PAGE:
IFE is referred to as the cradle of human existence according to History, science, Biblical, empirical and Quranic discoveries on the different stories about creation. The ancient town of Ile-Ife is said to be the Source of Mankind and the only place where the OLOJO Festival (Day of Creation) is celebrated.
OLOJO day is asserted in relativity to the Beginning when God created the heaven and the earth. The world been dark and void with the Spirit of God hovering round the earth is said to be what God – Olodumare deposited in the land of expansion, Ile-Ife as our divine heritage. Ojo-ti-ojo-di-ojo (OLOJO) is the day mankind was established on earth in spirit form the very first time.
See also “The History of Osogbo“
EVENTS LEADING TO OLOJO DAY
There are series of events leading to the OLOJO Festival. It is about two weeks, starting with IDIJO – the determination of the sacred dates, done in the first week of August. Next is Osu Ogun, the month of the pathfinder deity, which is immediately followed by Gbajure, which signals the commencement of the Olojo festival. Two days after Gbajure, the Ooni also refer to as Oonirisa goes into seclusion for five days, to have physical and spiritual communal with his ancestors, esoteric beings and the Almighty God.
No one determines the date when the festival will hold during the months of September and October but the Ooni himself after hearing the unseen drums. It is communicated to him when he will enter into seclusion. The seclusion of Ooni is similar to seclusion observed by the Oba of Benin in celebration of Ague festival, going further to reflect the link between Ile-Ife and Benin Kingdom, for Oranmiyan was the son of Ogun and Oba of Benin. We are more connected than we think traditionally.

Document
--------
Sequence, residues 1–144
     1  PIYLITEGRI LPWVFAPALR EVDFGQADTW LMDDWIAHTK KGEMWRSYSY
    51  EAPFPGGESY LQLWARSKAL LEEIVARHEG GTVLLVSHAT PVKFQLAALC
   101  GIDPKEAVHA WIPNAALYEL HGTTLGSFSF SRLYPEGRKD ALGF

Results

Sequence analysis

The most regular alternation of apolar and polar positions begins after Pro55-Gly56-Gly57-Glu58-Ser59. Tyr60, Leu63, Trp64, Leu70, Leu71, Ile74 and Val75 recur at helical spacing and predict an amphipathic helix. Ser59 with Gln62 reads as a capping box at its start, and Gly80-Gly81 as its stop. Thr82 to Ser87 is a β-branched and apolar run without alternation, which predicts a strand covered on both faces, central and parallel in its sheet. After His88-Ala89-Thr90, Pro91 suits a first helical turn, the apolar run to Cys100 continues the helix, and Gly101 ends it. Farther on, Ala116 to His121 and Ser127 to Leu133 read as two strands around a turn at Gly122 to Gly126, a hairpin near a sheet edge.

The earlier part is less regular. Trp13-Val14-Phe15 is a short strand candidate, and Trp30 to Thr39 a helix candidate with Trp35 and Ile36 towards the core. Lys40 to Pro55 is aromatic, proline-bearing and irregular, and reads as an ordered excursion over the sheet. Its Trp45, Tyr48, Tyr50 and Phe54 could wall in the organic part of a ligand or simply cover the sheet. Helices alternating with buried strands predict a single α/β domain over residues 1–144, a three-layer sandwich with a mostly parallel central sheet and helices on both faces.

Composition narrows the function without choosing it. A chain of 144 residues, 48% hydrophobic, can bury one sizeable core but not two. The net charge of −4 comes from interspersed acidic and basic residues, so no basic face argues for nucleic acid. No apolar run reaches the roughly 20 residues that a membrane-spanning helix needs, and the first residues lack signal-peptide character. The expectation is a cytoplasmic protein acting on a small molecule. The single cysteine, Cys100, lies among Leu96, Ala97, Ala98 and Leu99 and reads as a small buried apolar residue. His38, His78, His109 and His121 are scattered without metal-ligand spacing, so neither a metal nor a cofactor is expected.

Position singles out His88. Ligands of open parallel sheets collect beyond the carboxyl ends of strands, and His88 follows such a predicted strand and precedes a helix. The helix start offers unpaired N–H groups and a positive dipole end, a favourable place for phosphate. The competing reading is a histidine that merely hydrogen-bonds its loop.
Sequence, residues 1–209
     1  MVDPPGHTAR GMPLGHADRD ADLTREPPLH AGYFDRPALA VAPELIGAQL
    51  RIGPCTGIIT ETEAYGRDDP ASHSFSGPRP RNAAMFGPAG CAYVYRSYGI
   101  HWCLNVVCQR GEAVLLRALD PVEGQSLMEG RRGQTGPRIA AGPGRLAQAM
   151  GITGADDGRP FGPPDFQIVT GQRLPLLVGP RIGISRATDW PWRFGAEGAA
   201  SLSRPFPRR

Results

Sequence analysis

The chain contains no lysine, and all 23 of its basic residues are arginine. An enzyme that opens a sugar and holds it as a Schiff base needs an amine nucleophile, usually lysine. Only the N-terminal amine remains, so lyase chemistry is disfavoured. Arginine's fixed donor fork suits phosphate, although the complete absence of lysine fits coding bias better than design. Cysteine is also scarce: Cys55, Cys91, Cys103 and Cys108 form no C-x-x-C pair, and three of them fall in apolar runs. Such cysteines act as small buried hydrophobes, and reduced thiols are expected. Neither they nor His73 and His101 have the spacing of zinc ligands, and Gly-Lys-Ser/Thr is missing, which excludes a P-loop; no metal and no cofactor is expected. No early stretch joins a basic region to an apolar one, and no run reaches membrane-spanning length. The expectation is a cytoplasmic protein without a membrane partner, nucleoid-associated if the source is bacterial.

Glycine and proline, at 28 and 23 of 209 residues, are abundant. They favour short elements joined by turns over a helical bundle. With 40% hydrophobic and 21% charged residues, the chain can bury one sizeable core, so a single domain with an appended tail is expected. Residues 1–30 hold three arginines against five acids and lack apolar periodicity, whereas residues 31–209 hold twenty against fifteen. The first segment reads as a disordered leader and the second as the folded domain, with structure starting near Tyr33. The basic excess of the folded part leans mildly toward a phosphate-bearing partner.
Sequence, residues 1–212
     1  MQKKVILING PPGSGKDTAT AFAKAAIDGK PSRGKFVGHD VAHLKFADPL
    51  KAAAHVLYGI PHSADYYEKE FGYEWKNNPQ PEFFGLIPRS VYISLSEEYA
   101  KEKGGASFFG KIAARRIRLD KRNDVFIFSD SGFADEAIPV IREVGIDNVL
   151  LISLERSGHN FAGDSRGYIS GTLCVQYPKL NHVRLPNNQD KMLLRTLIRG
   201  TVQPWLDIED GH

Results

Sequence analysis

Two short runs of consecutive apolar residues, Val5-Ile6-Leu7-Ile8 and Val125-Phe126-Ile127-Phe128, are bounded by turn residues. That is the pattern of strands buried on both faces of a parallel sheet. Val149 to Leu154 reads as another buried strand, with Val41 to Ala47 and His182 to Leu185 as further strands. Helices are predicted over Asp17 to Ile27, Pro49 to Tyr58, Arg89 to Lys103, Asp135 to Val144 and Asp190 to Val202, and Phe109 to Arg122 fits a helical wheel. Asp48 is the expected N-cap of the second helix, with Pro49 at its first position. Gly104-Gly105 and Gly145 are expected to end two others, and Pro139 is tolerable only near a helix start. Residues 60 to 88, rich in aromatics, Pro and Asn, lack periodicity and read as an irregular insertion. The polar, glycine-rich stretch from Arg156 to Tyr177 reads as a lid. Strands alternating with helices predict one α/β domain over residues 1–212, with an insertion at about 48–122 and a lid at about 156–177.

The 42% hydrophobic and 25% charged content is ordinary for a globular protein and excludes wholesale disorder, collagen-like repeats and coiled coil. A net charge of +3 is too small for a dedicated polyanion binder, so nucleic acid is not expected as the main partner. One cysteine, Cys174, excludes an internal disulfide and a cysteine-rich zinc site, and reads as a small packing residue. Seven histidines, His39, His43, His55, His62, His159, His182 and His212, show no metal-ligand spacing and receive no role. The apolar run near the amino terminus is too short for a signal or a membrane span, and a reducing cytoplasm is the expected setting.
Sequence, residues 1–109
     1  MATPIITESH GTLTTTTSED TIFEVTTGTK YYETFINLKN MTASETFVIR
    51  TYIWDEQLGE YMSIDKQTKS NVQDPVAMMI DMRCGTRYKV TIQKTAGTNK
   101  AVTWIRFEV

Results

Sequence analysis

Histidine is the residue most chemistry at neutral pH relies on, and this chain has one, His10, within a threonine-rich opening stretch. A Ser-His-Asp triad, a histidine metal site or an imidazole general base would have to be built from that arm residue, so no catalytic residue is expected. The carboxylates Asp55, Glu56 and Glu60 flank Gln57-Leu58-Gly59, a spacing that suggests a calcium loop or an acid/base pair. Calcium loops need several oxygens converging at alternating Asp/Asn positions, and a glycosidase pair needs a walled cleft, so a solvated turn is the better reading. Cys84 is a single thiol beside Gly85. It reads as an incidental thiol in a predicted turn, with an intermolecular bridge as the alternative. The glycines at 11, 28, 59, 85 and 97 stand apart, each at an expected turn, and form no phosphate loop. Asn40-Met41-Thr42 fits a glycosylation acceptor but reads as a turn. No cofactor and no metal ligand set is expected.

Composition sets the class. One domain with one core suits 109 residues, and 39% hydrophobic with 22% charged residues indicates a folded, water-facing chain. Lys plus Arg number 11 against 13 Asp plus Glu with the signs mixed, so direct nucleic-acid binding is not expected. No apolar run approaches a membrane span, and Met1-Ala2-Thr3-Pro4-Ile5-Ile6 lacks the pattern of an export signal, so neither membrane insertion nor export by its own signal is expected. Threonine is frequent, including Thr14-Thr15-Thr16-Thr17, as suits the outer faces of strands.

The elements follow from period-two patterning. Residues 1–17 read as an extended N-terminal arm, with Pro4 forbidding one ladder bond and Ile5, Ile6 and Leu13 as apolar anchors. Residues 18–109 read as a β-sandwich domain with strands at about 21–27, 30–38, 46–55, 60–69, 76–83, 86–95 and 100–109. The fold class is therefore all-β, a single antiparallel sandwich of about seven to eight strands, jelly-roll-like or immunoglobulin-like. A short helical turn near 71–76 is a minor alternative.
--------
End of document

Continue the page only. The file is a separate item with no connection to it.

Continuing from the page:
The Ooni comes out of spiritual solitude on a Friday, which is also referred to as Oke-Mogun Day. The Thursday before this is referred to as the Ilagun day when the Osogun, who is the priest in charge of Ogun rituals observe an overnight vigil with other traditional chiefs with the offering of sacrifices at the Oke-Mogun Shrine.
On the Friday that the Ooni will come out of seclusion, people are gathered at the Ooni’s palace from morning to pray for the Ooni to intercede to God on their behalf. The whole arena is filled with different groups of women dancing and singing.
Later in the evening around 4pm, the Osogun, accompanied by gunshots came to the palace with his entourage to pay obeisance to the chiefs and emeses’ that are in the courtyard, this is followed with the bringing in of the dog that will be slaughtered to Ogun for sacrifice. This is a yearly tradition. The Osogun heads to Oke-Mogun from the palace, where he makes preparation with prayers, sacrificed a chicken and other libations were done to Ogun.
Across the street seated were array of chiefs who awaits the appearance of the Osogun after libation to know whether Ogun accepted the sacrifice being made before the killing of the sacrificial dog is done. That is the final sacrifice that is heralded with gunshots, beating of drums and dancing.